Tuesday, May 5, 2009

44/365 One dandelion, two images

These two photos are great demonstrations of what I absolutely adore and sometimes loathe about macro photography -- focus.

For the photography enthusiasts out there, I used a wide aperture -- f/2.8 -- which, in macro terms, makes for an incredibly short depth of field.

In everyday language, a short depth of field means the distance from the part of your subject in-focus to where it becomes blurred is very short. And the closer you physically get to your subject, that depth of field narrows even farther. For these photos, I propped myself on my elbows about six inches from the dandelion.

What do I love about macro photography? Amplifying small details that can go unnoticed. Or finding the photograph in what may be seen as mundane.

And I love that by changing your focal point just half an inch, you create an entirely different image.

In this first photo, I focused on the front edge of the fuzzy seeds. The sun was behind and to the right of the flower, creating that subtle sheen and sparkle.

Then, in the other photo, I focused on the bases of the seeds on the inside of the fuzzy ball (I'm obviously using very technical botanical terms). Anyone who has ever encountered a dandelion knows that they're only about an inch or so in diameter, so the distance from the outer edges of the fuzz to the base of the seeds is very small.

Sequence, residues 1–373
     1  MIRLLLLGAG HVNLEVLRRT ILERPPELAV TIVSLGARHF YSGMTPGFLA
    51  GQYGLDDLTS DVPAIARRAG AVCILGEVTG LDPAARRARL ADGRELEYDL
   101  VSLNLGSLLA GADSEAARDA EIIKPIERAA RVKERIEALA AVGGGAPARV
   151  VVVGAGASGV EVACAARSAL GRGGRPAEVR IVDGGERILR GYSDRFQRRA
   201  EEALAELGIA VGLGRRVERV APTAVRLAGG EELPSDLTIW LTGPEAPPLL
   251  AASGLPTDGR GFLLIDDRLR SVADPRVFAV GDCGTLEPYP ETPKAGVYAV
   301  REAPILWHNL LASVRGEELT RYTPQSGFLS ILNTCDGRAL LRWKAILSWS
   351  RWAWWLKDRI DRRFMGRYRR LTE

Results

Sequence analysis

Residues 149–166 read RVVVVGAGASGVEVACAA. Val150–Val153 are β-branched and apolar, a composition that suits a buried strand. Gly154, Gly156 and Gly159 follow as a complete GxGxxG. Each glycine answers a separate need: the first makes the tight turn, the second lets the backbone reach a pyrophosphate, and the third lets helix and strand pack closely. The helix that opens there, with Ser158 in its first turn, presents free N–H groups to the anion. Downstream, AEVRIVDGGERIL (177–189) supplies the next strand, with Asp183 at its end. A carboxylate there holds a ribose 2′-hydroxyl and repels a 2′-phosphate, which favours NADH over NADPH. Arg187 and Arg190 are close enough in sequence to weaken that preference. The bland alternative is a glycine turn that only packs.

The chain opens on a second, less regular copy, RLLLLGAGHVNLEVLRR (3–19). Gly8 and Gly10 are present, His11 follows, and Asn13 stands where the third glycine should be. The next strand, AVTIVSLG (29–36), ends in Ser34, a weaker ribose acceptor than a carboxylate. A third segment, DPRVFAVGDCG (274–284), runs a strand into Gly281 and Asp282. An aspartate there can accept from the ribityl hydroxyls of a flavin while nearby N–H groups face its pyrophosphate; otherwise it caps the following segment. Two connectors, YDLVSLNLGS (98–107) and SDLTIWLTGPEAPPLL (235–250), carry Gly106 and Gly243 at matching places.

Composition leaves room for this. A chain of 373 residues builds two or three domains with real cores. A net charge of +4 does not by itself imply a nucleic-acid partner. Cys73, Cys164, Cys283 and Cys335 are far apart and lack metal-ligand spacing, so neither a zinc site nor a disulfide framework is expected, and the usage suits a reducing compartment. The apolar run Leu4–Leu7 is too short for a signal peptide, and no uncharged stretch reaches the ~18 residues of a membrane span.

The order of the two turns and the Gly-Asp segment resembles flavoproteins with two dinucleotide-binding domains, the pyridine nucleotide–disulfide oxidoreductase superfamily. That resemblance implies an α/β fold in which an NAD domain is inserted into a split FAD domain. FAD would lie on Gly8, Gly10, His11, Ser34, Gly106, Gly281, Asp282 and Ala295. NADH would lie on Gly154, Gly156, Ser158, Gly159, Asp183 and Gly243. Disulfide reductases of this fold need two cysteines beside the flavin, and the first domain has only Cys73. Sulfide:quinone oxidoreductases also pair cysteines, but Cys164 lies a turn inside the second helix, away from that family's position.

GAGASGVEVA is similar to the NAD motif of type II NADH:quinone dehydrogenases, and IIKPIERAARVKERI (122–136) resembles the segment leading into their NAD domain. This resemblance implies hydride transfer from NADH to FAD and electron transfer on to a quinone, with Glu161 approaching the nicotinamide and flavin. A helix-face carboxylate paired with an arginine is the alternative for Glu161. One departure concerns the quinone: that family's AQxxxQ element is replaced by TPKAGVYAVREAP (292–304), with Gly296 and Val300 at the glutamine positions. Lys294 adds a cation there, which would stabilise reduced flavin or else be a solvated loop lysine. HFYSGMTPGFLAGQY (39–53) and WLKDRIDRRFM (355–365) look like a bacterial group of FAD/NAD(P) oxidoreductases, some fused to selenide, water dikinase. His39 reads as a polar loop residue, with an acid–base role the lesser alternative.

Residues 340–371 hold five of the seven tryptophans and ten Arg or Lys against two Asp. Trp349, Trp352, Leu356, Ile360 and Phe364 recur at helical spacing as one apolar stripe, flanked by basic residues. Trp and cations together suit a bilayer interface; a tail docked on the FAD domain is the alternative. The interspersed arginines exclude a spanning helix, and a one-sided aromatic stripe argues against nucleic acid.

But it gives the photograph an entirely different look!

Oh, and what do I sometimes loathe about this short depth of field in macro photography? Just add a slight breeze and your subject bounces all over the place, making focusing a real challenge.

I really like both of these photos, which is why I chose to share both of them with you. I couldn't choose a favorite. What do you think?

Camera: Canon 40D, 1/125s, f/2.8 at ISO 100 and 200 at about 7:45 p.m.


  1. I like the first one better. But I have seen some of your other photos also use very tight selective focus where the background wasn't as quite as blurry. Perhaps that is a product of the subject matter with its fine detail...?

  2. That could be a combination of things, but I think the most likely answer has to do with the nature of the background here. Since it's a smooth patch of grass, which is monochromatic and lacks much detail, it blends together very smoothly.

    Or, I may have used a smaller aperture in those other photos, rendering the background slightly clearer.